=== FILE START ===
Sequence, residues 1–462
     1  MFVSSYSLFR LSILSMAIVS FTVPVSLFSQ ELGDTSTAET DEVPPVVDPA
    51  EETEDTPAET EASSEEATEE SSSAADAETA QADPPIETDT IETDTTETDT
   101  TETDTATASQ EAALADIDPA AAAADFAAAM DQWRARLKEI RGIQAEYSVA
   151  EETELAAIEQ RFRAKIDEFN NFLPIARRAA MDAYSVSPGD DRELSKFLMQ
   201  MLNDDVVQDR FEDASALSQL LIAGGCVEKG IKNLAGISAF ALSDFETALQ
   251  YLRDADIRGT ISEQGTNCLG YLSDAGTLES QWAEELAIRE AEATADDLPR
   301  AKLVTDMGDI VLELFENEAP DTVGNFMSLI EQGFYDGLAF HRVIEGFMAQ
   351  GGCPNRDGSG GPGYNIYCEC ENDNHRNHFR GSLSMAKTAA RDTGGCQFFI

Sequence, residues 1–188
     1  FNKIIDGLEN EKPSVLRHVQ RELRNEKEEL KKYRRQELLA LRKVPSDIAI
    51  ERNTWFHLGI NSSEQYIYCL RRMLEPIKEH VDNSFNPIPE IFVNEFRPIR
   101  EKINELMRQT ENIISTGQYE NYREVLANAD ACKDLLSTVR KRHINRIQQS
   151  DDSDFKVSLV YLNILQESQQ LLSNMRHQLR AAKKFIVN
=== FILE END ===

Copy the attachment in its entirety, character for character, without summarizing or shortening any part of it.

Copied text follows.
Sequence, residues 1–462
     1  MFVSSYSLFR LSILSMAIVS FTVPVSLFSQ ELGDTSTAET DEVPPVVDPA
    51  EETEDTPAET EASSEEATEE SSSAADAETA QADPPIETDT IETDTTETDT
   101  TETDTATASQ EAALADIDPA AAAADFAAAM DQWRARLKEI RGIQAEYSVA
   151  EETELAAIEQ RFRAKIDEFN NFLPIARRAA MDAYSVSPGD DRELSKFLMQ
   201  MLNDDVVQDR FEDASALSQL LIAGGCVEKG IKNLAGISAF ALSDFETALQ
   251  YLRDADIRGT ISEQGTNCLG YLSDAGTLES QWAEELAIRE AEATADDLPR
   301  AKLVTDMGDI VLELFENEAP DTVGNFMSLI EQGFYDGLAF HRVIEGFMAQ
   351  GGCPNRDGSG GPGYNIYCEC ENDNHRNHFR GSLSMAKTAA RDTGGCQFFI

Sequence, residues 1–188
     1  FNKIIDGLEN EKPSVLRHVQ RELRNEKEEL KKYRRQELLA LRKVPSDIAI
    51  ERNTWFHLGI NSSEQYIYCL RRMLEPIKEH VDNSFNPIPE IFVNEFRPIR
   101  EKINELMRQT ENIISTGQYE NYREVLANAD ACKDLLSTVR KRHINRIQQS
   151  DDSDFKVSLV YLNILQESQQ LLSNMRHQLR AAKKFIVN